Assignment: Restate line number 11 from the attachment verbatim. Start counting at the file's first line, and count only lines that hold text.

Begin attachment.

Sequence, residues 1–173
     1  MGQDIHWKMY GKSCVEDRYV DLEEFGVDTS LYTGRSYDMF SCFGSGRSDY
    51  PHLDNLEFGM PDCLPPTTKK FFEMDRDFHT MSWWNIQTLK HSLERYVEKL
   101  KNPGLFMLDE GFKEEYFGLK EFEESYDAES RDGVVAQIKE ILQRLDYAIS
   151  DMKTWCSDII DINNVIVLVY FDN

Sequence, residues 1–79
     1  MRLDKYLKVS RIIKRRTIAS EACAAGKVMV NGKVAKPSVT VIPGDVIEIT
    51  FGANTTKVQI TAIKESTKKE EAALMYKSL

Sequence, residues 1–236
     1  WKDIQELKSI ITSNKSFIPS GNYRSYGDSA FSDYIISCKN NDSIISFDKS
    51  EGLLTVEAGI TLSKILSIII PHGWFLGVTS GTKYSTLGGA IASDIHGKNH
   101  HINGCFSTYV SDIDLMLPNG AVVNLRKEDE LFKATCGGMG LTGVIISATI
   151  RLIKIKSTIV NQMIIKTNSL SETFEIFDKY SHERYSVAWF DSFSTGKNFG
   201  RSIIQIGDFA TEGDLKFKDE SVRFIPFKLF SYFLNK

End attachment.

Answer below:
    51  EGLLTVEAGI TLSKILSIII PHGWFLGVTS GTKYSTLGGA IASDIHGKNH